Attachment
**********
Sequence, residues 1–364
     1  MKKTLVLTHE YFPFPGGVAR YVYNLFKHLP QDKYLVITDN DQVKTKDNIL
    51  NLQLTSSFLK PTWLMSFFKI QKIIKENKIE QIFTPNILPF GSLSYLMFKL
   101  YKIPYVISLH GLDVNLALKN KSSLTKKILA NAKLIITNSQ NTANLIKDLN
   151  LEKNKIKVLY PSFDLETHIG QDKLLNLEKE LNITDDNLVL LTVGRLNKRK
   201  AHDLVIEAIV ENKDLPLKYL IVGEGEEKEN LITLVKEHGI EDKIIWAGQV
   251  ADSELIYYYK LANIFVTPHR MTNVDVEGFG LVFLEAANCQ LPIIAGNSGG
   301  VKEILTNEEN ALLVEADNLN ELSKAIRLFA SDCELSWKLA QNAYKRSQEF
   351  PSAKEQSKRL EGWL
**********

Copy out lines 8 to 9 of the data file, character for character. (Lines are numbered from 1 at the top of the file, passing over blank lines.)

   301  VKEILTNEEN ALLVEADNLN ELSKAIRLFA SDCELSWKLA QNAYKRSQEF
   351  PSAKEQSKRL EGWL